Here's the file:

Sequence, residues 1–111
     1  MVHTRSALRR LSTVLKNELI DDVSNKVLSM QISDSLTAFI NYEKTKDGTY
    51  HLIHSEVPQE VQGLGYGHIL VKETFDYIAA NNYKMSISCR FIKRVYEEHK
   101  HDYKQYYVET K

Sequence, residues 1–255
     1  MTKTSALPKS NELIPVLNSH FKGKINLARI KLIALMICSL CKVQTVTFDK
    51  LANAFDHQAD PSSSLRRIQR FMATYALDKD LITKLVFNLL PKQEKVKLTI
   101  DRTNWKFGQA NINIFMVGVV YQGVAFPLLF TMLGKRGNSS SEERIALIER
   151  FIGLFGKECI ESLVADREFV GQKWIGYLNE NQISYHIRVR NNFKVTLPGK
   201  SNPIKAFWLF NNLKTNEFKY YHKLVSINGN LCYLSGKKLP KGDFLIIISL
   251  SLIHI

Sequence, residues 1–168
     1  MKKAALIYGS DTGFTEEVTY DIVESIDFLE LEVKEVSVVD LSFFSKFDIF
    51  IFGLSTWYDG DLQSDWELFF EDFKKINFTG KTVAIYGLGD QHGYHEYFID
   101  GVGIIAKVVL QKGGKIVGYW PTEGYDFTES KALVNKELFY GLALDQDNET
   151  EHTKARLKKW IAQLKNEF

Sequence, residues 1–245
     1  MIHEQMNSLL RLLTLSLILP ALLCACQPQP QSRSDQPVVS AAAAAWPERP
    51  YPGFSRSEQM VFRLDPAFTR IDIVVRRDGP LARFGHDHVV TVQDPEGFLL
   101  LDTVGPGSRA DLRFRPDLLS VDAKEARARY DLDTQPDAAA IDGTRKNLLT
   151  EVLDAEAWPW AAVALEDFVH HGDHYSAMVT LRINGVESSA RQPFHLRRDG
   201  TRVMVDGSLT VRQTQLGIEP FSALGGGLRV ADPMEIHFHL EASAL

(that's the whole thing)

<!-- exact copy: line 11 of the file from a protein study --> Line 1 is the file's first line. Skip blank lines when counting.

   251  SLIHI